Jessica Charles, MPH, is a global health professional with over 15 years of experience as a nonprofit director, project manager, teacher trainer and communications specialist. She lived in China and Botswana for three years managing health and education projects and has supported field teams in more than 20 developing nations implementing USAID, CDC, PEPFAR and privately-funded projects. Jessica has a passion for health advocacy, disease prevention, capacity building and microfinance solutions.
Thanks for this feedback and the helpful storytelling training! Here are my answers:
- Perhaps “community acceptance” is a clearer phrase than “inclusion.” The main idea we want to convey is that, because pastors, imams and traditional healers are such popular opinion leaders in Kenya, they can help children with disabilities to be accepted in all aspects of society – from clinics to schools to social gatherings to religious services. And that, instead of being accepted as a separate “disability group” within these structures, they can actually be infused into the existing groups. In short, we inspire spiritual leaders to help these children access the same rights, health care, education and loving community as people without disabilities.
- We work in Kenya and Tanzania and will expand our model through partnerships with development organizations in other nations.
- “I'm curious what ‘reduce harmful beliefs and practices’ mean.” In Kenya, traditional practices like burning and cutting rituals are painful and ineffective. Spiritual beliefs that place blame and shame on the child and his/her family can be equally as damaging. Some of the practices and beliefs have even led to the murder of these children.
- “I'm curious to learn more about how this specific group already interact with children with disabilities and what Kupenda trainings do to shift what exists…”
Pastors counsel families impacted by disability and may advise caregivers to pray or fast in order to show their faith in God’s ability to heal the child. Unfortunately, if the child is not healed, pastors often blame the families for a lack of faith.
Traditional healers perform rituals to heal the children. This may involve innocuous herbal remedies or harmful cutting and burning practices. Many of these healers propagate the belief that disabilities are causes by curses or demons and convince families to pay them for traditional practices that are intended to “cure” them by lifting the curse or exorcizing demons.
As with pastors, Muslim imams in Kenya often counsel families impacted by disability. Although we are still researching how they interact with the children themselves, we have learned that many imams have infused traditional religious beliefs and rituals into their own practices.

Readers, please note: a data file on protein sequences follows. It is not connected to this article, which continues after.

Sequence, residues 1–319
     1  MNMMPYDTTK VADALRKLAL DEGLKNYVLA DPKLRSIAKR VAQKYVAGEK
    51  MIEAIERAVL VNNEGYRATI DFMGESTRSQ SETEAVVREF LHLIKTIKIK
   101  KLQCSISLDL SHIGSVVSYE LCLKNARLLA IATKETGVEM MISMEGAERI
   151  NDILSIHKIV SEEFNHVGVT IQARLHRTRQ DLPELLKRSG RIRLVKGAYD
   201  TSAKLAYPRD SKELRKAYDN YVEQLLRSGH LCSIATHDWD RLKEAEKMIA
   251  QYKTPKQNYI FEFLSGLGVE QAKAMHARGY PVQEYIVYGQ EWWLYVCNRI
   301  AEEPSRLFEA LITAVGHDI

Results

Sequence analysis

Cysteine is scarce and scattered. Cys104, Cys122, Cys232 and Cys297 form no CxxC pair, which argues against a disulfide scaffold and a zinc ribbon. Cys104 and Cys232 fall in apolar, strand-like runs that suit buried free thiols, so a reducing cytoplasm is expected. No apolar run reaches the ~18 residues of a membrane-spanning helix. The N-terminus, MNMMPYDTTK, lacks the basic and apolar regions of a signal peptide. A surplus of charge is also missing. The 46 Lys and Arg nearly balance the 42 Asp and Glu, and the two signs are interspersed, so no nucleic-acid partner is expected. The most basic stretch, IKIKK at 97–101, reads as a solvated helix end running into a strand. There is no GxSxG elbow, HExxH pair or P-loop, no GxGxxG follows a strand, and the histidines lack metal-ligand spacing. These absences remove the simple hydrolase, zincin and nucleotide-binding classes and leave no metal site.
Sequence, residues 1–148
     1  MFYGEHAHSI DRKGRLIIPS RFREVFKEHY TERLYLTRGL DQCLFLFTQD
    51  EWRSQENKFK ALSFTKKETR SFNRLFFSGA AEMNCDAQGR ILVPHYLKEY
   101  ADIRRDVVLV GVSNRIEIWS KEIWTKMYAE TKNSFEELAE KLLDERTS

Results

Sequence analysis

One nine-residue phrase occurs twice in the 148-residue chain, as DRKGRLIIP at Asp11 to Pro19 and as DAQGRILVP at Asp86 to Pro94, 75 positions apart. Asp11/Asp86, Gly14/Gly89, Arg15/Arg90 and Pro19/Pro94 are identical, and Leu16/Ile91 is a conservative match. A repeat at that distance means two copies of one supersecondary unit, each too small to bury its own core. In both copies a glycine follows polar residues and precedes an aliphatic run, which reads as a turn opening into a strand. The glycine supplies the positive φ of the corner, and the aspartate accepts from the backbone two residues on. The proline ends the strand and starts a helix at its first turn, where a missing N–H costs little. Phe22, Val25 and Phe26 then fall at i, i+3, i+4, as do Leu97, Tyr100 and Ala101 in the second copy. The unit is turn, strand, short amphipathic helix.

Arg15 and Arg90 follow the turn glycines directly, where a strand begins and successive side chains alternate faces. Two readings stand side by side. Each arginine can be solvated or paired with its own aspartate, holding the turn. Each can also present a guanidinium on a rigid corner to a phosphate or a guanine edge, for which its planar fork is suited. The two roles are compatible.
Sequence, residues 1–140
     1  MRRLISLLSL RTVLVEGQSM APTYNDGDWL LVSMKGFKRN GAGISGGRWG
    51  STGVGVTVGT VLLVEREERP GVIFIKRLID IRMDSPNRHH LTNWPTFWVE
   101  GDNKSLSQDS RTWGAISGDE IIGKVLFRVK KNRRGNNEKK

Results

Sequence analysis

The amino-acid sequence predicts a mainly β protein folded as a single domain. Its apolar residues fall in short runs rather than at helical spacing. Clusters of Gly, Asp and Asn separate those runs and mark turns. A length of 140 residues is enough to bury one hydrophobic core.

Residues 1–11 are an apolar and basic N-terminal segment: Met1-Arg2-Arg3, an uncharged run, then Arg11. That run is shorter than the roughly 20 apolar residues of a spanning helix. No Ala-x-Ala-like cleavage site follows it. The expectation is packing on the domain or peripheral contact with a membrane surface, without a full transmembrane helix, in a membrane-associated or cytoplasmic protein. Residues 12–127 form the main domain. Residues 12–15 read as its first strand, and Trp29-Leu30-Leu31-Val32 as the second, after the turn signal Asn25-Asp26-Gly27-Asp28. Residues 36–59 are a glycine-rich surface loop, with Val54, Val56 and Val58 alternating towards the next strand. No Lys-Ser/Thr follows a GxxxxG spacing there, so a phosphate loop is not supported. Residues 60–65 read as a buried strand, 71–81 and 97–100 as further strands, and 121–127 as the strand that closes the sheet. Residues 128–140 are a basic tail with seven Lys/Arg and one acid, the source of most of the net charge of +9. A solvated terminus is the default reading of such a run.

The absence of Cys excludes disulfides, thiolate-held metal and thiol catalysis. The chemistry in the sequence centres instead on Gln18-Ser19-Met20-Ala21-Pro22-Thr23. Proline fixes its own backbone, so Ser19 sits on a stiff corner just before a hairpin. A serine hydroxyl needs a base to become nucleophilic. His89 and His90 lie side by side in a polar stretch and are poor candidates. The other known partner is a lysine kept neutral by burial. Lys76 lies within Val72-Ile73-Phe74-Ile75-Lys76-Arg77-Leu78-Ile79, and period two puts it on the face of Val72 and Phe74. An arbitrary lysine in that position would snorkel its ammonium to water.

Kupenda holds workshops to help these faith leaders understand the biological causes and medical treatments for disabilities so they begin to refer these children for medical care, rather than treat them with prayer or harmful rituals. We also draw on information from their religious texts to help them understand that children with disabilities are worthy of love and acceptance and that they have a spiritual obligation to protect and care for these children. By presenting legislation about child and disability rights, we further emphasize these leaders’ legal responsibility to protect children with disabilities. Finally, we have each group develop action plans that help them identify, support, refer and protect children with disabilities in their communities and follow-up regularly to ensure they are implementing these plans.
“I'm curious how you reach the spiritual leaders and encourage them to participate in the workshops…”
We approach spiritual leaders through 1:1 meetings or their chiefs and colleagues. Often times, inviting these leaders through their chiefs and colleagues helps to establish trust and convince them of our collaborative intentions. This is particularly effective when we communicate with them through spiritual leaders who have already completed our trainings and who have seen the benefit of our content and trust our intentions. Such an approach is particularly important among traditional healers, many of whom are suspicious of outside parties due to a history of judgment from Christians and arrests from government leaders seeking to reduce dangerous witchcraft practices. We also reduce resistance by validating helpful traditional and religious practices.